Wholesale Inventories in U.S. Rose More Than Forecast
Inventories at U.S. wholesalers rose in July by the most in two years as a rebound in demand prompted companies to add to stockpiles.
The 1.3 percent increase in the value of inventories was three times the median estimate in a Bloomberg News survey and followed a 0.3 percent gain the prior month, Commerce Department figures showed today in Washington. Sales at distributors climbed 0.6 percent, the most since April, after falling 0.5 percent.
The amount of goods on hand compared with sales suggests manufacturing gains will be sustained in coming months. Inventory rebuilding, after helping the economy recover from the worst recession since the 1930s, may cool unless consumers pick up the pace of spending.
“Companies showed a willingness to extend themselves a bit more, and that’s a positive,” said Richard DeKaser, chief economist at Woodley Park Research in Washington, whose 0.8 percent forecast was the highest in the Bloomberg survey. “At the same time, inventories are still lean.”
Economists forecast inventories would increase 0.4 percent, following a previously reported 0.1 percent gain in June, according to the median of 32 projections in a Bloomberg survey. Estimates ranged from increases of 0.1 percent to 0.8 percent. The July gain was the biggest since July 2008.
Stocks maintained gains after the report, with the Standard & Poor’s 500 Index rising 0.3 percent to 1,107.41 at 10:10 a.m. in New York.
Wholesalers make up about 30 percent of all business stockpiles. Factory inventories, which comprise more of the total, advanced 1 percent in July, the Commerce Department said last week. Retail stockpiles, which make up the rest, will be included in the Sept. 14 business inventories report.
Today’s report showed wholesalers’ stockpiles of durable goods, or those meant to last several years, increased 1 percent in July, led by gains in autos, furniture, machinery and metals.
The value of unsold non-durable goods rose 1.7 percent and sales increased 0.6 percent. Sales and inventories of petroleum products advanced in July from the previous month. Apparel inventories climbed 4.1 percent, the most since November 2004.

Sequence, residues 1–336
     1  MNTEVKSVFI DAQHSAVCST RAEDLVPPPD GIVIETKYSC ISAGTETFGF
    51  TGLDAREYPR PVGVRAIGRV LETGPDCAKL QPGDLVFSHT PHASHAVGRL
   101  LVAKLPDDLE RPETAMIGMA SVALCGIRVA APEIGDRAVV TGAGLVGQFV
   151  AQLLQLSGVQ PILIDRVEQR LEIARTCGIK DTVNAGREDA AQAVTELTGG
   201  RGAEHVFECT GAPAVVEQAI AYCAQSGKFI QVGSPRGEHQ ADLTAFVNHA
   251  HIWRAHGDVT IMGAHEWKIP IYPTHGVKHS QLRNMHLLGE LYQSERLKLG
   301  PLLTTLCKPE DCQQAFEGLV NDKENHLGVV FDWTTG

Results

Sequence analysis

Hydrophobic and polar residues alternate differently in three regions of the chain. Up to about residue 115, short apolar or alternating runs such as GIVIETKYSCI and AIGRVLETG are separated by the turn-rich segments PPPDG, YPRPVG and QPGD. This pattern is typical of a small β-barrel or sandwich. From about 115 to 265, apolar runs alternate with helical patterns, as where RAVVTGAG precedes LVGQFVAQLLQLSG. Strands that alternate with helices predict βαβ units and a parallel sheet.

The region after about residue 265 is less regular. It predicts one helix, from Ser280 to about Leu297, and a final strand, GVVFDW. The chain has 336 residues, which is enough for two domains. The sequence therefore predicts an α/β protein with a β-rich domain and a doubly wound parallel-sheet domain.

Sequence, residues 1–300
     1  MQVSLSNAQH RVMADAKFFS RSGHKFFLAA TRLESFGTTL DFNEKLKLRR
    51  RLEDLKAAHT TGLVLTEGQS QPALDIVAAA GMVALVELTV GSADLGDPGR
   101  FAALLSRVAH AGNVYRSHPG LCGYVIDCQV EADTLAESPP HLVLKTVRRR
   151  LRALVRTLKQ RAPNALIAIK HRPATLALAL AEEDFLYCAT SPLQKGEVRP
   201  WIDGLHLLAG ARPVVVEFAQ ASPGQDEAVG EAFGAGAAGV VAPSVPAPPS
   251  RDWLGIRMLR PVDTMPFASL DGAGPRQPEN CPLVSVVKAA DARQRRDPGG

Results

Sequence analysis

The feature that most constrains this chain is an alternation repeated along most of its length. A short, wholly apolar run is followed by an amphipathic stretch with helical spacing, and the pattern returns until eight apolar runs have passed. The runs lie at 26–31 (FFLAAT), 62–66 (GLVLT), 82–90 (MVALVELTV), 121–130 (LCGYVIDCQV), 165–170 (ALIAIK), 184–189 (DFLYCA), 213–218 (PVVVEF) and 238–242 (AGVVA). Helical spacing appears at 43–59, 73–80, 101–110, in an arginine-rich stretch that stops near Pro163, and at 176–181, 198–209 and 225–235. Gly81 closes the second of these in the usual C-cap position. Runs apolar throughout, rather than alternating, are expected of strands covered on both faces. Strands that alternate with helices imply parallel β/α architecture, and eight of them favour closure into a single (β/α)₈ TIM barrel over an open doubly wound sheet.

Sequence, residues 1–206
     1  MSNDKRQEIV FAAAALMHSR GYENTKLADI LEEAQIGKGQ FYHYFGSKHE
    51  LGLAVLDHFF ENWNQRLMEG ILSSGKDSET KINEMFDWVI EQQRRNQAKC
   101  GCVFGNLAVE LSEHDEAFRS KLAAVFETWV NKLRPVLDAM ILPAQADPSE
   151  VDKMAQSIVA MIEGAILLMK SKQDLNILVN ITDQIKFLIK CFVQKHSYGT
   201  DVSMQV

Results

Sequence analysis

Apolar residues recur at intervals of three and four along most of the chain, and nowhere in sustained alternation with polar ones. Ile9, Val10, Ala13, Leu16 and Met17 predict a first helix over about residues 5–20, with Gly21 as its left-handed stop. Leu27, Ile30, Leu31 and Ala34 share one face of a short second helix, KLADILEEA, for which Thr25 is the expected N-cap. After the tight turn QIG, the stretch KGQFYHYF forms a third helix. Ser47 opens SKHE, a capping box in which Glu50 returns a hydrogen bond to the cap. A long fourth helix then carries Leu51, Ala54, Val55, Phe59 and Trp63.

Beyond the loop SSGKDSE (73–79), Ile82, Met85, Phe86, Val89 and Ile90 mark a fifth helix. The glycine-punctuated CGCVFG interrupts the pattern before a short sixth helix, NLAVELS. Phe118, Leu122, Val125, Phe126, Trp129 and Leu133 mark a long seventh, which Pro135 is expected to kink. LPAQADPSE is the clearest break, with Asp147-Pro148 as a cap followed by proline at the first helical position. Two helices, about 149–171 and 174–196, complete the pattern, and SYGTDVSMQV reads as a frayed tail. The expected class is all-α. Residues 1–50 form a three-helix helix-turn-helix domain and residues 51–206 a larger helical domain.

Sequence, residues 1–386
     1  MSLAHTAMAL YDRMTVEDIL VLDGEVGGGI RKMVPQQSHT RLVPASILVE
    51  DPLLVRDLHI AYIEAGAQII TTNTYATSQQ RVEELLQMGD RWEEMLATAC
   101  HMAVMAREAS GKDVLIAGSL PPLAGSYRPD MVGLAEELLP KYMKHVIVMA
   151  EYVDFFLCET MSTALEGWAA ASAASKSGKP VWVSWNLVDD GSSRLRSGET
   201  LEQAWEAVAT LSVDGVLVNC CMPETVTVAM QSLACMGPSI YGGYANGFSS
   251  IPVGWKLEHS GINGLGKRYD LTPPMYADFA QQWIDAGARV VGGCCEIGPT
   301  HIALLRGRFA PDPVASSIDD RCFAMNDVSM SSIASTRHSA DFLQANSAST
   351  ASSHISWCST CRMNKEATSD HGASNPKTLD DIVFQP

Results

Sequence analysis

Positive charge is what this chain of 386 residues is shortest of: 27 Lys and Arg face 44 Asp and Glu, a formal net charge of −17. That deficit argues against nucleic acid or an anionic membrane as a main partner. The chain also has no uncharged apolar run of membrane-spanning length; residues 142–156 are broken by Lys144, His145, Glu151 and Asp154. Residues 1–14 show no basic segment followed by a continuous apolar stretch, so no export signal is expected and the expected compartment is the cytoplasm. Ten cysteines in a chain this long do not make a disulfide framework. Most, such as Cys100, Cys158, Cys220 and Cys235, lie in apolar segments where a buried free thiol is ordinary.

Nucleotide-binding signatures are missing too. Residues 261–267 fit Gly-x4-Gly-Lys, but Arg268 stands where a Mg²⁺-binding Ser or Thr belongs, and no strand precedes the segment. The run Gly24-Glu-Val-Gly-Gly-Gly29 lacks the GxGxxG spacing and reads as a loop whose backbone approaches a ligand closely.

At the current sales pace, wholesalers had enough goods on hand to last 1.16 months in July, compared with 1.15 months in June. The inventory-to-sales ratio, which reached a record low of 1.13 months in April, is the highest since February.
The Commerce Department’s latest figures on gross domestic product showed the economy is getting less of a boost from inventories. Stockpiles added 0.63 percentage point to growth in the second quarter, compared with 2.64 percentage points in the prior three months and 2.83 percentage points in the fourth quarter.
Some manufacturers are downgrading their forecasts. Intel Corp., the world’s biggest chipmaker, last month cut its third- quarter revenue projection, citing weaker-than-expected consumer demand for personal computers in mature markets as the reason for the adjustment.
August data suggest companies are still adding to inventories. The Institute for Supply Management said last week that its factory inventory gauge rose to 51.4. Readings above 50 signal expansion.
Public opinion polls show jobs and the economy are top concerns among voters two months before November congressional elections in which the Democrats are at risk of losing their majorities in the House of Representatives and the Senate.
President Barack Obama’s approval ratings have slipped and support for the Republican Party has grown amid signs the economy was cooling.
To contact the reporter responsible for this story: Timothy R. Homan in Washington at firstname.lastname@example.org
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